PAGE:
Then to a couple of Bible commentaries. Borrow “insider” perspectives the average lay person wouldn’t know, a slice here and there of “in-the-original-Greek” wisdom, historical facts provided by the experts.

Then I like to simply sit and stare at the ceiling until sermon illustrations come. What books have I read (and underlined) that have a bearing on this topic? Is there a dynamic story that I could use as a lead-in? (This is especially important for a radio sermon where one has to hook the listener almost immediately.) What’s happening on CNN or Fox News or in Time magazine that dovetails with this week’s topic? I aim for “five and five” – illustrations and Bible references.

Where do the very best sermon ideas come from?  Your own life. Your hurts and joys, ups and down, childhood stories, adventures and anecdotes, mistakes and miracles that happened personally to YOU. Nothing is as memorable as when a preacher steps out from behind the pulpit and says earnestly, “Listen now, and let me tell you, church family, what Jesus has personally done for me.”
 
One sermon prop that is either wonderfully effective or painfully corny is to use a resource like Chase’s Calender of Events. If you can tell your church family that “One hundred years ago today, this exact moment, such-and-such happened,” that can stamp an indelible lesson in their minds. I was writing a radio sermon slated for broadcast a couple of months later, and said to myself wistfully, “Sure would be good if this tied into some anniversary ‘tragedy’ I could borrow.” I dug into Chase’s, and found that the bombing of Hiroshima was just one day off from our chosen air date. Close enough! We made it work, going with “Tomorrow as the world reflects . . .”

Warning: this use of “datebook trivia” is only effective if the tie-in or application is clear-cut and appropriate. Telling your church family, out of the blue and stand-alone, that this is “National Eat-a-Cookie Week” may be fascinating, but probably not particularly edifying.  (Plus you’ll look desperate!)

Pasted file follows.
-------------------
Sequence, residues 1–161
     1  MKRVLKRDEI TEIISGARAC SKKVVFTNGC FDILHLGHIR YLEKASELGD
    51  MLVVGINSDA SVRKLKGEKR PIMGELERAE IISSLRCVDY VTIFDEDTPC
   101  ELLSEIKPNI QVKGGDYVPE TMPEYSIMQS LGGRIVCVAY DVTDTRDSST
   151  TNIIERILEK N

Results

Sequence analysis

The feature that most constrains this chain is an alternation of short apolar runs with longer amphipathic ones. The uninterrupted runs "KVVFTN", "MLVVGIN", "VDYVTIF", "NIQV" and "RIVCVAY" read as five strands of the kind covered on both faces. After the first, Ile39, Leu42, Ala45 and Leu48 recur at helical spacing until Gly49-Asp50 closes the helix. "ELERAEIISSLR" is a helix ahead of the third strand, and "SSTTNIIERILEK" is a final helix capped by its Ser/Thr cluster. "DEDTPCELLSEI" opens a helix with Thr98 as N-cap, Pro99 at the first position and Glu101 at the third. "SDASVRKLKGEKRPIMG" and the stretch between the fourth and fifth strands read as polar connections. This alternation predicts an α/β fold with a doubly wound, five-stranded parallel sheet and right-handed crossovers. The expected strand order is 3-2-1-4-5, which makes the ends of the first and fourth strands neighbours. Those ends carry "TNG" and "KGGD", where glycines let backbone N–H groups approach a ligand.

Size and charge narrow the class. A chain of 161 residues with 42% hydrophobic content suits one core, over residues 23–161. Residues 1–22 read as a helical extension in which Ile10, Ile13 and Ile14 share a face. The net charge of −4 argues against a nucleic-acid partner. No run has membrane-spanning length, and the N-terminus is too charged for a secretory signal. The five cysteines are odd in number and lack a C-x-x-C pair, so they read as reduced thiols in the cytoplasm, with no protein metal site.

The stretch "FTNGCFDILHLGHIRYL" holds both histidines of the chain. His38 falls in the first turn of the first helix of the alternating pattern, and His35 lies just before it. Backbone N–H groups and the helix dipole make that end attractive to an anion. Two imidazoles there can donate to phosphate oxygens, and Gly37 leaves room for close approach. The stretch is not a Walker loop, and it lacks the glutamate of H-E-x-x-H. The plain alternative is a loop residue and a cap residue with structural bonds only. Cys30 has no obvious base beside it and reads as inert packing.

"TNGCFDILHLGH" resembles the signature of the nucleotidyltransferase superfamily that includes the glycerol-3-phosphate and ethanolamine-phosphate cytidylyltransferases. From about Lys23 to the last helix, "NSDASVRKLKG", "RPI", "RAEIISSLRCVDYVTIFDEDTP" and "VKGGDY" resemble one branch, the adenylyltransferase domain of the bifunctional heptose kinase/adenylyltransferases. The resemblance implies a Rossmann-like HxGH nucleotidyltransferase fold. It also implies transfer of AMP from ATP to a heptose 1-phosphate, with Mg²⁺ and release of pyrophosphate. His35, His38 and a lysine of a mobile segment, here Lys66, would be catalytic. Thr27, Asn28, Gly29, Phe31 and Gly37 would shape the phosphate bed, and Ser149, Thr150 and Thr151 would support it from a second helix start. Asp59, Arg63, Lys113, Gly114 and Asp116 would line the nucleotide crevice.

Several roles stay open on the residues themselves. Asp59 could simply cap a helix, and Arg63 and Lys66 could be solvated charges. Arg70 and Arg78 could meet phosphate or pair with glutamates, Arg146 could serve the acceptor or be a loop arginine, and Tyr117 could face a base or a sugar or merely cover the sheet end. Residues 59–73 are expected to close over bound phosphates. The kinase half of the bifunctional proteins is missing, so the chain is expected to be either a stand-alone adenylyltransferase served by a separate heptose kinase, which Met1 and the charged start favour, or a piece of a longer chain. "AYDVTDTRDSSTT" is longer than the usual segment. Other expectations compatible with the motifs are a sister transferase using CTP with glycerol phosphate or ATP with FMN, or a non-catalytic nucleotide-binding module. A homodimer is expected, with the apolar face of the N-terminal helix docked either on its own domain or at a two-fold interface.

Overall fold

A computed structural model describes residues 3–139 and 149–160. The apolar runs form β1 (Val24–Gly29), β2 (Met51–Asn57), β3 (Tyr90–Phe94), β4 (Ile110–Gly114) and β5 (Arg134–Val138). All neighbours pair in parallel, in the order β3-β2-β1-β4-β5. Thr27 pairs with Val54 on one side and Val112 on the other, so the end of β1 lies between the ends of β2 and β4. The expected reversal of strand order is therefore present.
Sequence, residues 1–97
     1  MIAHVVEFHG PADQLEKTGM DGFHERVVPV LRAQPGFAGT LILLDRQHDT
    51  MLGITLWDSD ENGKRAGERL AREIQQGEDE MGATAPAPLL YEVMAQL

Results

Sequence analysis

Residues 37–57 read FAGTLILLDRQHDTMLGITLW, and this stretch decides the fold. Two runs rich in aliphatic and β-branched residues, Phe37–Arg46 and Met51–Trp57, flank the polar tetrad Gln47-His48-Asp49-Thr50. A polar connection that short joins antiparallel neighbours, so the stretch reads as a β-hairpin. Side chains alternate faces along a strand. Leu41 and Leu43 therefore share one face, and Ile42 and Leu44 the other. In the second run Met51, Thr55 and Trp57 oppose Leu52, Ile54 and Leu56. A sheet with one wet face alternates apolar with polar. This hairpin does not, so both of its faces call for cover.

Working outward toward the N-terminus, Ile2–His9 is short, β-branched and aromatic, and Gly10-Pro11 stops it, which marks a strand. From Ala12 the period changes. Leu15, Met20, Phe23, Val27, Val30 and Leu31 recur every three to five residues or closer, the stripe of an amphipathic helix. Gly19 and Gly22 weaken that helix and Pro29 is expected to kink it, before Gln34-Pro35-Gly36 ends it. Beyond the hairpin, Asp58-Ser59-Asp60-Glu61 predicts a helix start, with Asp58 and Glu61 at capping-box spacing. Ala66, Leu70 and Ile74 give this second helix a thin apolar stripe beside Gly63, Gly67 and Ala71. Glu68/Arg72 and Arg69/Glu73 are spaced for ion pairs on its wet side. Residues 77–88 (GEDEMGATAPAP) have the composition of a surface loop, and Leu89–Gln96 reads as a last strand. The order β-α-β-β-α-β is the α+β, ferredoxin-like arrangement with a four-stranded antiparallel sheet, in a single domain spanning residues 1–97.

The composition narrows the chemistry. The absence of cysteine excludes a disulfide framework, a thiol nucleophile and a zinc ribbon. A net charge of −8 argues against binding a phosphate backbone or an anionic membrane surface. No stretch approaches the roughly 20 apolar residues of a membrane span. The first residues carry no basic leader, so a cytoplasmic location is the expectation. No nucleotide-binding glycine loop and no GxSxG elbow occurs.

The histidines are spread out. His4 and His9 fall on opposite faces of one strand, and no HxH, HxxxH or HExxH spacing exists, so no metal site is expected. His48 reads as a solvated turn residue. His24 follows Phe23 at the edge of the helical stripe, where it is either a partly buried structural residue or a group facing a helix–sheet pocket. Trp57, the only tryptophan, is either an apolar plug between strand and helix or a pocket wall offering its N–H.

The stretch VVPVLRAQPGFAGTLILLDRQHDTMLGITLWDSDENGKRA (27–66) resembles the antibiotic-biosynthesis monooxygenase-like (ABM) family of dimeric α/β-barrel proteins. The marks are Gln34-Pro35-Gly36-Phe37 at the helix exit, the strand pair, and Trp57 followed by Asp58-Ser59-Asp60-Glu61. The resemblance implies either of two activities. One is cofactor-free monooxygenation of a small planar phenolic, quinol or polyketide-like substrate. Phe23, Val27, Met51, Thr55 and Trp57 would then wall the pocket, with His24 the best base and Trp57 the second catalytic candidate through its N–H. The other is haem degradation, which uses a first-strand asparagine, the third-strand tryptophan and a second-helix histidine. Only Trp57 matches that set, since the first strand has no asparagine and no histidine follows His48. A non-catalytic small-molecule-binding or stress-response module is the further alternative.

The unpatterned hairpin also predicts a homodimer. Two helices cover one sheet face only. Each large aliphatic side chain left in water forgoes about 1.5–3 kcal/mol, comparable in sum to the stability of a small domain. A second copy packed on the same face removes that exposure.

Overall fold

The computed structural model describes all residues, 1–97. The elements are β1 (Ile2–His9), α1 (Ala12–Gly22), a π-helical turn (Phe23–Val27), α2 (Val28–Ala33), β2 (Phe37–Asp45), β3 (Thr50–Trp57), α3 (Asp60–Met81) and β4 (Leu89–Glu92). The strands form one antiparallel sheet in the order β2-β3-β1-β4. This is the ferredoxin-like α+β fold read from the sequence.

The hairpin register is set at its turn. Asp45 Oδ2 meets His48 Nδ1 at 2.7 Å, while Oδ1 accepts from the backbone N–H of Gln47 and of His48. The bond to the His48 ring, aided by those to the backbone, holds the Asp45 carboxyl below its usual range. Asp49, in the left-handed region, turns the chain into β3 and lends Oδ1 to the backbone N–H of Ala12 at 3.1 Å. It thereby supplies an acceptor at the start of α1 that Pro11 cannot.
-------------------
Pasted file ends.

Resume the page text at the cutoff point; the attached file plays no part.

Lastly, I search my memory and my favorite books for one or two compelling “Quotable Quotes” that might really lend punch to a key point. Even if your library contains just five or ten well-chosen and often-studied classic books – Mere Christianity, The Purpose-Driven Life, Steps to Christ, Pilgrim’s Progress – embedded in your mind and sparingly shared in sermons, this will help give your messages an extra measure of heft and gravitas. I am not particularly an avid fan of Shakespeare, but my wife is . . . and I also know how to use the Internet to find out exactly what the Bard said about shuffling “off this mortal coil.” [Act III, Scene I]

Then comes the grind: prayerfully shaping the half-hour of words that will take your listeners to God’s throne, remind them of His goodness, teach them of His kingdom and will, and leave them inspired to discover and live the “purpose-driven life.”Your heart and “prep file” are now flowing over; it’s time to pour the best of your collection into an organized whole.